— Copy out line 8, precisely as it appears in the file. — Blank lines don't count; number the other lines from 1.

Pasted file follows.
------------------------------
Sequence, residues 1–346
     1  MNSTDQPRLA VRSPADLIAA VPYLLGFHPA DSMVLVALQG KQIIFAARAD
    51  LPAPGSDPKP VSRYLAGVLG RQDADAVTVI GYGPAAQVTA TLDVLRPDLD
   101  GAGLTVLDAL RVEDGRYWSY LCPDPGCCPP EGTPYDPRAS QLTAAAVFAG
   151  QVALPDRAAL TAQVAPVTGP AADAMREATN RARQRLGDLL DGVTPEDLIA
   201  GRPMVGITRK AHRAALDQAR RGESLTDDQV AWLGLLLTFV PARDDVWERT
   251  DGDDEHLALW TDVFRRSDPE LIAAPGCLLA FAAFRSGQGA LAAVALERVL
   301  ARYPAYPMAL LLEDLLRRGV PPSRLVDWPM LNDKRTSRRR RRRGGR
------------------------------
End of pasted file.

   301  ARYPAYPMAL LLEDLLRRGV PPSRLVDWPM LNDKRTSRRR RRRGGR